Below is a list of all of the Online Masters Degree in Criminal Justice Programs we could find, from over 1,800 schools across the US.
There are many reasons to pursue a master's level education. A graduate level degree can prepare you for additional responsibilities and open doors. It may help you move up the career ladder and earn a higher salary. A master's degree in the field of criminal justice is a great step toward advancing your career or following a new career path. Here, we'll take a look at program requirements, courses and curriculum. You can find more information about criminal justice master’s programs online and potential schools by using the Find Schools box to select the state and type of degree that interest you, or look for schools that particularly interest you.
Benefits of Earning a Master's in Criminal Justice: Online Versus Traditional
There are many practical reasons to pursue a master's degree in criminal justice. It is possible to pursue employment opportunities at local, county, state, and federal law enforcement agencies with just a bachelor's degree; however, come promotion time, a master's degree may provide a much needed edge in advancing within the field. The master's degree in criminal justice offers an interdisciplinary combination of liberal arts, ethics, social science research, and science in criminal justice, deepening your understanding of the field and potentially opening up new career opportunities.
Why go online for your master's degree in criminal justice? Most master's degree programs in criminal justice are designed for working criminal justice practitioners who already possess a bachelor's degree in the field. An online master's degree is uniquely suited to this type of student because it offers the flexibility to pursue education at your own pace, while working. This is not only financially beneficial, but it also has an educational benefit. Students can apply what they learn in class directly to the field.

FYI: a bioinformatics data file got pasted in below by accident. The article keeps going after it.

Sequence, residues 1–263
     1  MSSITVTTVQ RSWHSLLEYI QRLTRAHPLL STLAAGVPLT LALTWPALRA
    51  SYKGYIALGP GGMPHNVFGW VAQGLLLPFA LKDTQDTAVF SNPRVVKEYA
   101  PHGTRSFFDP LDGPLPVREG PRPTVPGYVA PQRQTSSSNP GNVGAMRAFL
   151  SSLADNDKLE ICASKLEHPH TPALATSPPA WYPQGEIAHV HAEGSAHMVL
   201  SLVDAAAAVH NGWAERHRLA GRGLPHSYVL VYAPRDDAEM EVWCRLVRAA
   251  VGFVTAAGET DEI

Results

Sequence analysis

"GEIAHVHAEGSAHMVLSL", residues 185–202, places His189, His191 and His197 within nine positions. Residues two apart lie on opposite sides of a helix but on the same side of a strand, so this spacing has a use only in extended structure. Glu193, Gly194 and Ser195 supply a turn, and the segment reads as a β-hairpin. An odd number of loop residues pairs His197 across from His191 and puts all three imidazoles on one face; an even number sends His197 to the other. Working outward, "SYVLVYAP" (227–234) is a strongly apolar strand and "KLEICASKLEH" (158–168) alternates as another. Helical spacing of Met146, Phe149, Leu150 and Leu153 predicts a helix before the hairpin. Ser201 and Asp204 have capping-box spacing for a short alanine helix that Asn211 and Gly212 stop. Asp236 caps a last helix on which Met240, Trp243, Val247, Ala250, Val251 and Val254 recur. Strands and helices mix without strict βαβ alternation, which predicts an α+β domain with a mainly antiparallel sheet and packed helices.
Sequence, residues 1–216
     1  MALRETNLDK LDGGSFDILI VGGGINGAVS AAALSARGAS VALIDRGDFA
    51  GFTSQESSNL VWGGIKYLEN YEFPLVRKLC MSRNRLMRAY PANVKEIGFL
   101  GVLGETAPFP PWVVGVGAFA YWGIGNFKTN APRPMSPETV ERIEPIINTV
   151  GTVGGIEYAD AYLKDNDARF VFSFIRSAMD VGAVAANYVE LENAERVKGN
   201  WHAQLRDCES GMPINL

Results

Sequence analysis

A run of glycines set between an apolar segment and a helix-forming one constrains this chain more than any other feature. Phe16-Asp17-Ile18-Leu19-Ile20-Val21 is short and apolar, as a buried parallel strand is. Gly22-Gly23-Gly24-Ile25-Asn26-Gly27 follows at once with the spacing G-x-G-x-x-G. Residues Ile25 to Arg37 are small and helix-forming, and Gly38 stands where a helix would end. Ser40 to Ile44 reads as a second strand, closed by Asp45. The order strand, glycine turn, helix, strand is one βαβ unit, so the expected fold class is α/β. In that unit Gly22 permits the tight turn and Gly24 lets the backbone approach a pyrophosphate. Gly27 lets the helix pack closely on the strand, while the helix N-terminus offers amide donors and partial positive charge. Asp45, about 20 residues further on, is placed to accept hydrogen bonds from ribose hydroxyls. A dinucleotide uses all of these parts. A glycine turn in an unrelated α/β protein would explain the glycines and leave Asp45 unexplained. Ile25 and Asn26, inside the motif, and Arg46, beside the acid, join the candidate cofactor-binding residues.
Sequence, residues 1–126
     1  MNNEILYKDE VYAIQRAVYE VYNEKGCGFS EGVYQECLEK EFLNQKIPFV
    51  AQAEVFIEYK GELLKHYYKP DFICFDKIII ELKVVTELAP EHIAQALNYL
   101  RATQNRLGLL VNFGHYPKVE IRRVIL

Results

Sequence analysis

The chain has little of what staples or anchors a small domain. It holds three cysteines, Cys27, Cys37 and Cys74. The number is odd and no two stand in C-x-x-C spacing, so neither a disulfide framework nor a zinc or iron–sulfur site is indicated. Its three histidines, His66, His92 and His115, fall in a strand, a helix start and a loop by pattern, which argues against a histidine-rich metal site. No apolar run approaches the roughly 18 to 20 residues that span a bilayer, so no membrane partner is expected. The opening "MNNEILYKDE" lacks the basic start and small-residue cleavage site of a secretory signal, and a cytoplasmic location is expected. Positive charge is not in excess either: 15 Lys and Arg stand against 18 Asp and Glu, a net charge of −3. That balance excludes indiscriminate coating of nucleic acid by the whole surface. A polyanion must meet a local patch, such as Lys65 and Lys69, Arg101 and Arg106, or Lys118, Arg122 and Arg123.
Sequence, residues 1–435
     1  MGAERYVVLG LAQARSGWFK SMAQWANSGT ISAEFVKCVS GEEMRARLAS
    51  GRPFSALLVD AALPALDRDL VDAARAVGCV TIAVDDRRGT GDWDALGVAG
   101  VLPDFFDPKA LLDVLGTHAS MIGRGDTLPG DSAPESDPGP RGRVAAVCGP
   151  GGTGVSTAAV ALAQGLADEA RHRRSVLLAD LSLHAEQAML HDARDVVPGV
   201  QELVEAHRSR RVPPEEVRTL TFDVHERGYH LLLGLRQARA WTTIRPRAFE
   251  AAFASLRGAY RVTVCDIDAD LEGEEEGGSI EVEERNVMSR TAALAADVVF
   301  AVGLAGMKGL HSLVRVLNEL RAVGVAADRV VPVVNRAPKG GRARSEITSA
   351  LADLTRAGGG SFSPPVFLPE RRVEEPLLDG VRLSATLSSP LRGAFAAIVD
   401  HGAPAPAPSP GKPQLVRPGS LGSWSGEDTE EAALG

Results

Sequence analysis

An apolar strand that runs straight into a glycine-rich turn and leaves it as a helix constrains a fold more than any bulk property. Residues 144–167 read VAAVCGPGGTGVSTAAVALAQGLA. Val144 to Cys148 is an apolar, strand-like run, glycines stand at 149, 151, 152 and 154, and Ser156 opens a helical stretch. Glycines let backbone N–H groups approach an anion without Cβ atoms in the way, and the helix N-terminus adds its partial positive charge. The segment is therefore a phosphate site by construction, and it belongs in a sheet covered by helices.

Pros and Cons of Online Master's Programs in Criminal Justice
Someone interested in getting a master's degree in criminal justice will want to consider both traditional campus programs and online master's programs. Working professionals are often attracted to online schools but, like everything else, online master's degree programs have advantages and disadvantages. Let's look at a few of the pros and cons.
On the pro side, you'll probably have lower costs. Tuition may be less, but even if it's the same, you'll save the costs of commuting and other associated expenses such as meals out and childcare (if applicable). One of the biggest advantages to online education is convenience. Online programs offer 24/7 access to courses. While there may be specific times set for interaction with an instructor or a particular activity, online programs provide great flexibility. With a computer and internet access, students can take classes from home, no travel required. This saves time, gas, and money, plus there's no wear and tear on your car. Taking courses online can lower the cost of going to school.
But there are disadvantages as well. Going to school online takes discipline and self-motivation. It's not for everyone. Taking classes from home means you don't have the in-person social interactions you would enjoy in a traditional campus setting. You also have less interaction with the instructor and sometimes you have to wait to get a question answered. And, since you're working online, there's always a risk of technology problems.